Friday, March 15, 2013

Top 5 most popular Staff Picks posts

Oh! You guys go for a month without any posts from me and then KABOOM! I'm all up in your grill. ISN'T IT WONDERFUL? *Hint: This is where you nod politely and pacify the crazy blogger*

Back in December our Staff Picks blog went live. It made sense, right? We are librarians. We have lots of titles, and opinions about what you should read/watch/listen to. And that was exactly the intent of the blog, that we would offer up recommendations to YOU (you being 'the world, the universe'). Let's face it, if librarians can't recommend books out loud, and if readers can't put their faith in our word, what kind of a world would this be? A stink one, I reckon. So! The very fabulous Karen Craig put out an expression of interest and I remember we discussed, briefly, the idea of receiving maybe 4 or 5 responses. We received sixty. Yeah - sixty. We put together guidelines for the kinds of content we wanted our people to write about, and then we trained them in using Blogger and, as I like to put it, got the hell out of the way. That was, really, all that was needed. They were bursting to talk about books and movies and music. They'd just needed a place to be able to do so. And you know, it seems to work for them and y'all. Since it went live, it's had roughly 18,500 hits without, to be honest, much input from me other than training. And every day, just when I think I can't be any more impressed by what our staff review, and how they write, I am undone all over again. They're so talented, and I am ohsovery proud of them. And you guys need to read about it. I don't regret much in my life. I think life is incredibly short in the bigger scheme of things, and the fact that none of us gets out alive is reminder enough for me to not take myself too seriously. If I could regret ONE thing, though, it would be that I don't write half as well as they do :) Check out the Staff Picks blog, request their recommendations, and take time to admire our talented staff. I do it every day. As a taster, here are the top 5 most popular Staff Picks posts!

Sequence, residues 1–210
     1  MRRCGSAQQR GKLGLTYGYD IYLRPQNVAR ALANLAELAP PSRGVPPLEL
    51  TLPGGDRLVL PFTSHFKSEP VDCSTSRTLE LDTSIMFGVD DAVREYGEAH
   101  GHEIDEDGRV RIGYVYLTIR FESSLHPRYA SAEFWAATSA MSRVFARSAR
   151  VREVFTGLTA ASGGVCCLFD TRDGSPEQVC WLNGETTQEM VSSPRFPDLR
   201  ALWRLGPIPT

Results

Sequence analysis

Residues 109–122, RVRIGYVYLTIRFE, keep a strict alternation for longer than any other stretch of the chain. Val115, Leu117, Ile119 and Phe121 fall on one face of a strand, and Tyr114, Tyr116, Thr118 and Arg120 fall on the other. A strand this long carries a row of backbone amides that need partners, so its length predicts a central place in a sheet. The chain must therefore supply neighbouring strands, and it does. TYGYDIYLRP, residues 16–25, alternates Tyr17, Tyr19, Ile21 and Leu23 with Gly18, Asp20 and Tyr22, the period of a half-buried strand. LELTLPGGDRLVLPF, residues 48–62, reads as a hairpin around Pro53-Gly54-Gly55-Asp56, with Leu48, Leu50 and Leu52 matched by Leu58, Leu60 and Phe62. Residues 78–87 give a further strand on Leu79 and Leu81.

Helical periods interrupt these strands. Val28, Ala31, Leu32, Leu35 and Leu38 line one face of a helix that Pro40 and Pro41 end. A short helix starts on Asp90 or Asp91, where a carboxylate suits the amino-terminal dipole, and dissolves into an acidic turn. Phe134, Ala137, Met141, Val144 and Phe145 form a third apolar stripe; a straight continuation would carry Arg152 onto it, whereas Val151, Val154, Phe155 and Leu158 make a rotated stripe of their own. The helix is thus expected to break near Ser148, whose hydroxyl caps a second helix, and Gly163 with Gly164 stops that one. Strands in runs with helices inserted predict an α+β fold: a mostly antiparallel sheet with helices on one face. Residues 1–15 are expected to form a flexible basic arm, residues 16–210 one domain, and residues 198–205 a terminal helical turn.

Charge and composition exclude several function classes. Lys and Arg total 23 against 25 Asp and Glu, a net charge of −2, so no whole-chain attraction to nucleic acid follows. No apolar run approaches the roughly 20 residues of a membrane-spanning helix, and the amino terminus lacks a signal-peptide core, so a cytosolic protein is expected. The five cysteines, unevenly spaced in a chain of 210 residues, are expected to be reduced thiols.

Tomorrow When the War Began by John Marsden - posted by Stanley, Ranui Library
"Though these situations are larger than life, I found they come off as devastatingly realistic. It is easy to find yourself in the character’s shoes as they battle with the invaders, clash with each other, and reflect on the serious consequences of their action. You wonder what you would do in the same situation. This is not a Hollywood blockbuster with “good guys" and "bad guys”, bulletproof heroes, and a trite happy ending."

Sweet Tooth by Ian McEwan - posted by Laura, Leys Institute Libary
"When I finished Atonement half of me felt annoyed with the author for leading me up the garden path, but with Sweet Tooth I was in full admiration of McEwan; the book is much too tongue-in-cheek to provide any real attachment to the characters, who in my book deserved all they got, and the reader is much more aware that there is something not quite right - that there is surely an epigrammatic sting waiting to be revealed, which makes it rewarding rather than heartbreaking."

Good in a Crisis by Margaret Overton - posted by Monica, Orewa Library
"Reading Margaret Overton’s memoir was like listening to the latest gossip about the family train-wreck: a case of “Oh no- she didn’t: tell me more!” Most people I know have a “Margaret” in their family or circle of friends (I certainly do), and some of us have even been a “Margaret” at one stage or another, and the wonderful thing about her sometimes brain-dead moments is the knowledge that she is a highly intelligent woman (an anaesthetist), who throughout the book keeps trying to understand why she does the things she does. This knowledge had the effect of distilling the moments of stupidity, making them more entertaining, but also intensified the message of understanding and forgiveness, and I learned a few things while I laughed."

Caspar David Friedrich by Johannes Grave - posted by Nick, Central City Library
"The scholarly text and sumptuous images speak of weighty metaphysical themes, of the artist’s heroic effort to give form to the ineffable qualities of the sublime experience. And so its fitting that this book is heavy, packed with quality reproductions, as it sets out to masterfully chart the liminal realms of the romantic contemplative reverie. Its a journey I can whole heartedly recommend!"

100 Cult Films by Ernst Mathjs & Xavier Mendik - posted by Jonny, Central City Library
"The authors combine relevant contextual detail and witty commentary and feel just long enough to get an impression of each film. They are convincing in their justification for most of the films inclusions. Of course if, like me, you love films you may well be outraged by the exclusion of your favorites and inclusion of others. These sorts of appreciators' arguments are part of the fun of reading a 'best of ' list."

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